Still not buying it? Let’s go even further back to the time of Manifest Destiny. Here’s what happened: all these white folks got together and slaughtered the few American Indians who’d survived the plagues white folks had already unleashed on them. Then, the white folks went back to all the other white folks back East and told them the Indians they’d just been killing were actually the violent ones! "They tried to defend their homes, the bastards!" So we slaughtered a bunch more of them and rounded up the rest and put them on reservations. And these people who did it were considered heroes! People made movies. Little boys wanted to grow up to be these genocidal asses, even though the people portraying them couldn’t act.

Then, they did basically the same thing with the freed slaves after Reconstruction broke down. White folks spent about a hundred years after the Civil War lynching, terrorizing, and secretly re-enslaving African Americans in the South, and in the North and Midwest, they just stole everything the blacks had and drove them out of town after killing a few of them. Or they lynched them and re-enslaved them there, too.

When there weren’t any African Americans around, they went after Asian Americans. When there weren’t any of them, they went after different ethnicities of whites, and people of different faiths. I’m not saying everyone acted like this, but a hell of a lot did—a lot more than we seem to want to admit. A whole lot more. Ask yourself — why is it that everyone who lives in my suburb is white?

But wait — what about the Harlem Renaissance? Didn’t that take place within this hundred years after the Civil War you’re talking about? Sure — but why was it the “Harlem” Renaissance? Why did all these African Americans live only in Harlem? It’s almost like they weren’t allowed to live elsewhere, so they all moved to the one area that permitted them to stay. Hmm. And, of course, some white people destroyed the economy and put an end to that.

So, as you can see, I get nervous around too many white folks. It's only a matter of time until they come for me if they're left up to their own devices.

Thursday, March 22, 2012

Review of Shannon McKeehen's Barbra in Shadow.

Barbra in Shadow, poems by Shannon McKeehen.

McKeehen begins with a quote from the film Double Indemnity, and then a found poem pastiche from the films Double Indemnity; The Maltese Falcon; Murder, My Sweet; and Out of the Past. Right away, McKeehen establishes a playful tone harkening back to the tough Noir language and tense relationships of these films, but also critiquing their chauvinist mentality in a tongue-in-cheek way. Several images reoccur: ‘the other woman’, scenes of murder and betrayal, relationships gone awry because of poor communication, “The book on the shelf is hollowed/ out to accommodate a pistol” (lines 1-2) she states in one poem, and one could easily imagine that it is this book, and the ‘pistol’ is contained within these poems.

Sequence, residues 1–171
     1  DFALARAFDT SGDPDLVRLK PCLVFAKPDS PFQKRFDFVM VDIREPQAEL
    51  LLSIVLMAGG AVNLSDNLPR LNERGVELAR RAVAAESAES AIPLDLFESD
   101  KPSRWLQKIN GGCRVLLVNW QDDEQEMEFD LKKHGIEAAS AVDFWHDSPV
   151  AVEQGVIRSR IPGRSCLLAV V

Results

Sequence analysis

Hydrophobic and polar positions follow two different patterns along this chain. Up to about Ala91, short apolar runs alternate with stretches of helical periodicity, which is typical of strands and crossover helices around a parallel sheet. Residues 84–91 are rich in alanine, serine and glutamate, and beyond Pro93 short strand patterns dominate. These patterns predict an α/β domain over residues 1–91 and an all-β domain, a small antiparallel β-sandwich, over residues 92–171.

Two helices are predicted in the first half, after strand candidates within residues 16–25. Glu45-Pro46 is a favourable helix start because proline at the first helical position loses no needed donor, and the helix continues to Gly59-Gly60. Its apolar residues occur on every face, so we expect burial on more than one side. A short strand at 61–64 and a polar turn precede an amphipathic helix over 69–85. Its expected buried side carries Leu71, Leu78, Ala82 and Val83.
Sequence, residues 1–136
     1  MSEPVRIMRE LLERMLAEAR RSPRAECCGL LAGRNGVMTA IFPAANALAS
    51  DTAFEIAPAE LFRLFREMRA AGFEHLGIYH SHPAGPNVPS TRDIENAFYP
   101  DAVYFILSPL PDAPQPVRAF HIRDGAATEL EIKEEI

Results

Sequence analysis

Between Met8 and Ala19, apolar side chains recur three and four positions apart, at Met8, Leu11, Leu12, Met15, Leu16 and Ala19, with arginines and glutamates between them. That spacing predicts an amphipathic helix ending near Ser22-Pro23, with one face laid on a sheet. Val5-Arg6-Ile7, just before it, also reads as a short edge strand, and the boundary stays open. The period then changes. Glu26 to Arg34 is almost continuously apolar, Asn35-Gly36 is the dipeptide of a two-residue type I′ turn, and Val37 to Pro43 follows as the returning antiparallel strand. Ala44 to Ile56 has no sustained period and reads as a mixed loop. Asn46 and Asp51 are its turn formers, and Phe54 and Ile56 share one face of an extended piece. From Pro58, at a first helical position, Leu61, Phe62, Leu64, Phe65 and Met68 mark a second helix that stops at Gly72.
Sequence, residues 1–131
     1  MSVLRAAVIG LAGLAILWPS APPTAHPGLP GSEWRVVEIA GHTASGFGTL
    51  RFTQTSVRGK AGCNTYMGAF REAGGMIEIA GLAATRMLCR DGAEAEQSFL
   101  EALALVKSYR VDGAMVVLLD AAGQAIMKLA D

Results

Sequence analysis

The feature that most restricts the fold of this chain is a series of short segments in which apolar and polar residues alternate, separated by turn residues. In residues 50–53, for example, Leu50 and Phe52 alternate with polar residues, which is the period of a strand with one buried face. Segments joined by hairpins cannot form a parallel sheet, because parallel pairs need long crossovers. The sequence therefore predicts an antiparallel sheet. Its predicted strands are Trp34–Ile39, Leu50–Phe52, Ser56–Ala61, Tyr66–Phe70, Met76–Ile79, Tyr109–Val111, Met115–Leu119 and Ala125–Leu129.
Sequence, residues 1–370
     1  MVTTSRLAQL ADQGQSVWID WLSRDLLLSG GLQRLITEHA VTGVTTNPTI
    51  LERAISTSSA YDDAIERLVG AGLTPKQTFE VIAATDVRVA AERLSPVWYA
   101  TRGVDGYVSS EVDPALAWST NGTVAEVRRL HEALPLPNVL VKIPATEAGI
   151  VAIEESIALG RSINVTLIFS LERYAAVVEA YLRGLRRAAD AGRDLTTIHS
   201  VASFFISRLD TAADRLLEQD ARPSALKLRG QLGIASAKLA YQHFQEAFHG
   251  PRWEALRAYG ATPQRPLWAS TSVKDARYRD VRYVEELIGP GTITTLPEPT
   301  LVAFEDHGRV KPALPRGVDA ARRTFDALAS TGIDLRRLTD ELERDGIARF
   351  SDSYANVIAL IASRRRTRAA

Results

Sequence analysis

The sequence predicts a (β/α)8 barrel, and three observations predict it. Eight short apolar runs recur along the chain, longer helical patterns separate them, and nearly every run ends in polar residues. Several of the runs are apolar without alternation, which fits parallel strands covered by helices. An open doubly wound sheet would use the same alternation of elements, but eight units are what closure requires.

McKeehen’s poems are untitled, so that they imply sections in an ongoing series chronicling a failing relationship. McKeehen’s poems are visceral, tough: “My dear phantom,” one begins, “there is fire/where my skin/should be sleeping./I swallow; there’s burning.” (1-5). The narrator is ‘haunted’ by memories. “My dear phantom,” she states, later, “the skin remembers/ what is missing,/ a life amputated,/dreams outlined in chalk.” (l9-23). There is loss, anger, and deep regret in these lines.

The narrator of these poems is disillusioned, desperate for love and meaningful interaction. “Maybe you never cared about me…but I still tried” she says in one poem (11-13). She tries to make sense of this world ‘in shadow’ in which the truth of things is never fully revealed. “Does anyone call a random number/ just to have someone to talk to?” (23-24) She asks in another, nakedly honest.

McKeehen manages to create a powerful, layered portrait of ‘Barbra’ in this collection. The Noir conceit is refreshing and clever. She handles it well, without slipping into the realm of clichĂ©. McKeehen is adept at reigning in what could be melodramatic moments while remaining true to the world of these films, and yet, these poems feel real and not contrived. It's a strong collection that resonates well beyond the page.